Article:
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It’s taken Congress a long time to get realistic about cannabis, but there are signs that it is edging closer to a practical approach to dealing with the use of the drug.
Like it or not, cannabis is increasingly viewed as a useful alternative medication by many state legislatures and as an acceptable social drug by some.
There are plenty of arguments to be had over its efficacy for treating chronic pain, glaucoma, epilepsy or any other condition cannabis is cited as relieving, and there remain legitimate concerns over side effects related to its recreational use, but the already widespread use of the drug means that a legal and regulatory framework that reflects the real world is required.
According to the U.S. drug schedule, cannabis remains a Schedule I drug, alongside the likes of heroin, ecstasy and LSD, and ahead of Schedule II drugs such as cocaine and methamphetamine. You don’t have be a connoisseur of any of these drugs to spot the odd one out.
The continued classification of cannabis as an illegal drug at the federal level has produced well-documented frustrations in the insurance market. While some insurers see minimal risk of incurring federal penalties for insuring participants in the cannabis trade, many others are much more risk-averse and unwilling to cover the industry even though cannabis use is legal in most states.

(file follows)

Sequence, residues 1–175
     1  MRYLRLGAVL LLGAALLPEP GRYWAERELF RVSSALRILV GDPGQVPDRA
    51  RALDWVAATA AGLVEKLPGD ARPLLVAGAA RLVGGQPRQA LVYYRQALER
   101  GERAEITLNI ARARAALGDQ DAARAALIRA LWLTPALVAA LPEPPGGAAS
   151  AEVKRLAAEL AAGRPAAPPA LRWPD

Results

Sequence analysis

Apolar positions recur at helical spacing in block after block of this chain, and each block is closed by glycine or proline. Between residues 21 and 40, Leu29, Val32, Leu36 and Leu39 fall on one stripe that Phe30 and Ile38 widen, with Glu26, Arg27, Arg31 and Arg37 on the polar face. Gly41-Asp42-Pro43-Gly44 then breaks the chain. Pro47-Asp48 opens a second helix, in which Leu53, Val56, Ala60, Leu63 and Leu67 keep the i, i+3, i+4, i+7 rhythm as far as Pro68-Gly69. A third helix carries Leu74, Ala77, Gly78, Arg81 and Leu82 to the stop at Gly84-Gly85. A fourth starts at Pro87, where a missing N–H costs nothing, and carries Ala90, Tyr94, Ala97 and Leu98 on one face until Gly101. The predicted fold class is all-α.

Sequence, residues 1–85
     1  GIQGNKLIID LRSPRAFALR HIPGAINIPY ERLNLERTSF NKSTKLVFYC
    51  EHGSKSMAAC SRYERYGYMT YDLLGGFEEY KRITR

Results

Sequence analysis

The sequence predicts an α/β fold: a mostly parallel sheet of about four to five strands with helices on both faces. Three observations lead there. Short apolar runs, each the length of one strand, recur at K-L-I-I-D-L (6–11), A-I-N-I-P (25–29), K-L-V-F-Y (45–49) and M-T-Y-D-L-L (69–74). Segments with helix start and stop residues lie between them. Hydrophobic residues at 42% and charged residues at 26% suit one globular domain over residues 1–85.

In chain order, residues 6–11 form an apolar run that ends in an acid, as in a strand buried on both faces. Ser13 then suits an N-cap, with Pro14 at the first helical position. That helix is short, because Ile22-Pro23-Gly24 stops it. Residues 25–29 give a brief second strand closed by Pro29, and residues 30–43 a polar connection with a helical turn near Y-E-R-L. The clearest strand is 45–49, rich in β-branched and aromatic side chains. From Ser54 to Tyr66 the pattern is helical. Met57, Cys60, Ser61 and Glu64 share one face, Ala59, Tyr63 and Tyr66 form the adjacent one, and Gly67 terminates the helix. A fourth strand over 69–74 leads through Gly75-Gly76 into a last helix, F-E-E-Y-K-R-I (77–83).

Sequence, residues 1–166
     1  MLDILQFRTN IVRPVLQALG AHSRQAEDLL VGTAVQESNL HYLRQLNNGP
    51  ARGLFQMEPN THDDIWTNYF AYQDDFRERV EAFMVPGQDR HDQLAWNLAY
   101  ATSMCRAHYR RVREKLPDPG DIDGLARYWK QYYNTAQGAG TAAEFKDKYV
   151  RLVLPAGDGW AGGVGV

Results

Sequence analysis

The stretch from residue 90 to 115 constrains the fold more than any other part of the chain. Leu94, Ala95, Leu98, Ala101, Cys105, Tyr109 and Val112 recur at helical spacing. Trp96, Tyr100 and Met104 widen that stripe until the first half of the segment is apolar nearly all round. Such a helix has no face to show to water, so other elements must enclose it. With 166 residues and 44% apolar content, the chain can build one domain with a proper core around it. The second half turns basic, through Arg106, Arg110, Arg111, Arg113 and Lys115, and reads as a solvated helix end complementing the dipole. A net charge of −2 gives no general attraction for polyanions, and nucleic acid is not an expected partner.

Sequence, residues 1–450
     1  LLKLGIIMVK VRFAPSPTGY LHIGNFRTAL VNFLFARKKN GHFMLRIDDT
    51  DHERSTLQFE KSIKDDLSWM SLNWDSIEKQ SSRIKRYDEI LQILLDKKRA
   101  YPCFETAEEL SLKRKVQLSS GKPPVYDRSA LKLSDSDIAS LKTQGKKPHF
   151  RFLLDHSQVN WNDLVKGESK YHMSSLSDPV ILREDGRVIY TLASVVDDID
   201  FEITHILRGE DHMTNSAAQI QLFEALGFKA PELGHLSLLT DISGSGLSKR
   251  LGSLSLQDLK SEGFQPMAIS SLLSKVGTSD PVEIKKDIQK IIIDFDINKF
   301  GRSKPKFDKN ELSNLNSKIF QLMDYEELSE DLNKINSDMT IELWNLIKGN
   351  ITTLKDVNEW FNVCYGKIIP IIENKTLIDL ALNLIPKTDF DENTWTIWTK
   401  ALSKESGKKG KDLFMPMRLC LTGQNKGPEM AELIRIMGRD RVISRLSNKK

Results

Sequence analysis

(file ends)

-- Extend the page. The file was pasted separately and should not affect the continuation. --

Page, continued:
If insurance is the lubricant that ensures the smooth running of commerce, then it’s not surprising that in the absence of coverage some cannabis businesses are having trouble cranking up operations, if not completely seizing up.
But help may be on the way. As we report here, bipartisan legislation has been introduced in both chambers of Congress that specifically targets insurance coverage for cannabis companies. Similar legislation has failed in the past, but there is a sense that this time it could get through.
The Clarifying Law Around Insurance of Marijuana Act of 2021 does not try to be a panacea for the commercial cannabis sector. Instead, it focuses specifically on insurance and the reality of the differences in state and federal law. By providing a safe harbor for insurers that cover state-sanctioned cannabis companies and associated businesses, the measure would fix the insurance problem without trying to radically change federal drug regulation.
The CLAIM Act is a commonsense approach to the issue of ensuring that cannabis industry liabilities are covered and claims are paid.
The country is amid what’s already been a lengthy journey to legalizing cannabis and regardless of whether it decides to reverse course and reinforce the criminalization of the drug or go full speed ahead and allow its use and distribution nationwide, insurance needs to be in place while the ride continues.